Carpal tunnel syndrome diagnosis by a self-normalization process and ultrasound compound imaging




Carpal tunnel syndrome (CTS) is the common entrapment neuropathy that occurs due to compression of the median nerve at the wrist. Ultrasound images have been used to highlight anatomical variants of the median nerve, and CTS is thought to be associated to enlargement of the cross-sectional area (CSA) of the median nerve. However, there remains controversy regarding the most appropriate cutoff values of the computer measurements including the CSA, flattening ratio, and palmar bowing of median nerve, especially given that they can be influenced by image artifacts and factors that differ between individual patients. This study proposed a modified ultrasound compound imaging technique by moving fingers to reduce image artifacts, and the estimates of the normalized CSA [i.e., CSA at the wrist (CSAw) to CSA at the midforearm] with the aim of reducing discrepancies in CSA estimates and improving the ability of CTS discrimination.


The subjects were examined with their arms supine and while they were making repetitive movements of their fingers (from an open palm into a clenched fist) within 3 s. By a commercial ultrasound scanner with a 10-MHz linear array transducer, a total of 70 images were acquired in each subject. The frame rate of ultrasound system was 25 fps. Nine frames in the acquisition sequence that had produced partial speckle decorrelation were incoherently added to form a compound image, and the inplane motion of them was corrected using the multilevel block-sum pyramid algorithm. The manual contours outlined by ten experimenters and three physicians were used to test the performance in determining the boundary of the median nerve. The receiver operating characteristic (ROC) curve was used to evaluate the usefulness of the estimates in distinguishing healthy volunteers from CTS patients.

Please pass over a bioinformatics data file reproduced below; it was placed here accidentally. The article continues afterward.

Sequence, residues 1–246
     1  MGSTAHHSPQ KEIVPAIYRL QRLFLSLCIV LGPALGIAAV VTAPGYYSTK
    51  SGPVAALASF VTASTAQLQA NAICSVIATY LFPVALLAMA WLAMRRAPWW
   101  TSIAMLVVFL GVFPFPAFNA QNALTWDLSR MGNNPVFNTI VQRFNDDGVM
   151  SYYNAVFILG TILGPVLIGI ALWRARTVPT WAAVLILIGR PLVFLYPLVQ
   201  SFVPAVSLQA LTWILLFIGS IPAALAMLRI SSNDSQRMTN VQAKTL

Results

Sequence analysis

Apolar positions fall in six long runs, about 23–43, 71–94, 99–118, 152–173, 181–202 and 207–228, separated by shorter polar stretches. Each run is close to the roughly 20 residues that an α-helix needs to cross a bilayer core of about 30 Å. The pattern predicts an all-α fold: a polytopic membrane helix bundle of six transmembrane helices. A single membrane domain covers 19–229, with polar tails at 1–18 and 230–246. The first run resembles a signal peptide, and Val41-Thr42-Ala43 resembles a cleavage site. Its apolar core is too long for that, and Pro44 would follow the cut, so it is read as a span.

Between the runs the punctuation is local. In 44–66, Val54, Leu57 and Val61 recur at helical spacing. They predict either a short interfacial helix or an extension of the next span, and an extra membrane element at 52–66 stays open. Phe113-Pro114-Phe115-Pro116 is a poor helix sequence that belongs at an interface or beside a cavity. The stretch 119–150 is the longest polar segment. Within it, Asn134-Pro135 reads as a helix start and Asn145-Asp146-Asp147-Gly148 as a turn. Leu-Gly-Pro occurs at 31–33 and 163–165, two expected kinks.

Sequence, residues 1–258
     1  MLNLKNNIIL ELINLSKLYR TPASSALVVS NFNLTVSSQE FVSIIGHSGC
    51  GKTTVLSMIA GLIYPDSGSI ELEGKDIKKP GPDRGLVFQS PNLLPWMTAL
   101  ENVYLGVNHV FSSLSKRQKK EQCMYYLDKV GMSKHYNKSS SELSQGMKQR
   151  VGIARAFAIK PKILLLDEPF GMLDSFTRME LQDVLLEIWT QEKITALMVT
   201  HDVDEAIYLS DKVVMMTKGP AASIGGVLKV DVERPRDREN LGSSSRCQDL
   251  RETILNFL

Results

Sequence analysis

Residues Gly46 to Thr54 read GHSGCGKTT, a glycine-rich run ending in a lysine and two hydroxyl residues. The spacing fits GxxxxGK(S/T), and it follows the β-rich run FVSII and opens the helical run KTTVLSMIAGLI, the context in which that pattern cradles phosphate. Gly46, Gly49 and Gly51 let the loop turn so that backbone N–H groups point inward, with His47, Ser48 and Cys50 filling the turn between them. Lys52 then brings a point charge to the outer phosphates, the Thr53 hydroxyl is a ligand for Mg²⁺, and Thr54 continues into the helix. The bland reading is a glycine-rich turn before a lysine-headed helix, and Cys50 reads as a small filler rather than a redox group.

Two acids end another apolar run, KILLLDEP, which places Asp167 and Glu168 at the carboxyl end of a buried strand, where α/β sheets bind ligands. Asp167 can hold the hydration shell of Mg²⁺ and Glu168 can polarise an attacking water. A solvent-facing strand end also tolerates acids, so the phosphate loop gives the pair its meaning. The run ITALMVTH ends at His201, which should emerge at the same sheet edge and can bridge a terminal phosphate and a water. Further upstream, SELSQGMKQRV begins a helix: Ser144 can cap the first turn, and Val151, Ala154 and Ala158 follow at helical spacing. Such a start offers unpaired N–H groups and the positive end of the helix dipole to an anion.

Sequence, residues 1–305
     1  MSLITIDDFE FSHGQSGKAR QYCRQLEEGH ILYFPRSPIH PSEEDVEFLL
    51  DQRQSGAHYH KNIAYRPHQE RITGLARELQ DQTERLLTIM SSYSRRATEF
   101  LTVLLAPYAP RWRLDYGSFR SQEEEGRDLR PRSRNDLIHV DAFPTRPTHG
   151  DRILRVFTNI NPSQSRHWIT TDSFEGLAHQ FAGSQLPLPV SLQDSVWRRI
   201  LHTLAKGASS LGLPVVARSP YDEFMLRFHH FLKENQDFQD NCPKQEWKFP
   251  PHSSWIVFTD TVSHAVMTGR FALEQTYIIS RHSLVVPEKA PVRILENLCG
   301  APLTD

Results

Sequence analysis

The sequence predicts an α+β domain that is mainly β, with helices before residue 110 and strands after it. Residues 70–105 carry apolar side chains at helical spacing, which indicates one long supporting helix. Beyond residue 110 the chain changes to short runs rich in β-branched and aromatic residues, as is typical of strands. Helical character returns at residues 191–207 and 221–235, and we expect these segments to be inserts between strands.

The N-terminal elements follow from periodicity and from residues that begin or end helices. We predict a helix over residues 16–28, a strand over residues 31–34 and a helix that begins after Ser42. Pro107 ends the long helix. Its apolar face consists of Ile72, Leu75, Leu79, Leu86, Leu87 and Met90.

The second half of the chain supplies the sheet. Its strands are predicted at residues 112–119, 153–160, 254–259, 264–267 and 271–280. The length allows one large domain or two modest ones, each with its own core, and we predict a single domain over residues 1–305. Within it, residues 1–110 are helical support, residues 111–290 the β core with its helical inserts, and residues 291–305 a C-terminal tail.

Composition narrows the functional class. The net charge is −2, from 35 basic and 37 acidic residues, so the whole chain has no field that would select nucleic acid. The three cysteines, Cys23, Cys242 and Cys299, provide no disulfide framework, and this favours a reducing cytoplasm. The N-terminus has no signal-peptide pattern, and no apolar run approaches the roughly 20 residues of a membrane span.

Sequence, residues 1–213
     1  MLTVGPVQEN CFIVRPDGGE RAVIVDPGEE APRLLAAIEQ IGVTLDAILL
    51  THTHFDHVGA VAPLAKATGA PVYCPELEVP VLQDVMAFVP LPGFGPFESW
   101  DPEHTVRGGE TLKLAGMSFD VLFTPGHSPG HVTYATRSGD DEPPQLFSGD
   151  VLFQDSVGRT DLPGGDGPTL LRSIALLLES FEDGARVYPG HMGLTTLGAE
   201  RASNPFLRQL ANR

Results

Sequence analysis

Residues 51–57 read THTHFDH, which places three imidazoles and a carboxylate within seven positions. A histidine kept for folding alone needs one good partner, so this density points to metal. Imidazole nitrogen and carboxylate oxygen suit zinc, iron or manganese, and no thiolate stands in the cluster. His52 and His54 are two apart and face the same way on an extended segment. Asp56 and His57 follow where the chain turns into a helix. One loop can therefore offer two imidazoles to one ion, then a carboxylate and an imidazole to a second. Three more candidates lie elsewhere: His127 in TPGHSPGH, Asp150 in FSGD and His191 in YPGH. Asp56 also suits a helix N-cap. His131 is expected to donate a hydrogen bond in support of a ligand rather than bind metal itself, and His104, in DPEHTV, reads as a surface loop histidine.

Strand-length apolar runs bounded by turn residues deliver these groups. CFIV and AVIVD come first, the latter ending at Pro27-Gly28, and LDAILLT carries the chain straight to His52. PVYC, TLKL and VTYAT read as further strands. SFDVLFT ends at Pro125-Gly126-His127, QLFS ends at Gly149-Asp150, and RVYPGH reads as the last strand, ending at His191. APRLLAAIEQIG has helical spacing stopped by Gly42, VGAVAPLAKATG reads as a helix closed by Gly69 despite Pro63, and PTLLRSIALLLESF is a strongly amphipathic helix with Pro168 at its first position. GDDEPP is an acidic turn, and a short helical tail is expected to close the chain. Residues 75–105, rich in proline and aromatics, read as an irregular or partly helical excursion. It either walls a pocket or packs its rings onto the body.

The manual contours of the median nerve in the compound images had an average area overlap exceeding 90% and relatively small area errors. The areas under the ROC curve obtained using the CSAw estimates for the original and compound images were 0.60 ± 0.09 (mean ± standard error) and 0.80 ± 0.05, respectively; that using normalized CSA estimates for the original and compound images were 0.76 ± 0.04 and 0.89 ± 0.04, respectively. The results show that variations in the CSAw values of compound images for healthy overweight and obese subjects can adversely influence CTS diagnosis, but that this can be overcome using the normalized CSA estimate of compound images.


Compound imaging provides images of superior quality for determining the location of the median nerve boundary. Using the normalized CSA estimate would assist in eliminating problems associated with variability between populations, since the subject becomes his or her own internal control, thereby improving the ultrasound-based diagnosis of CTS.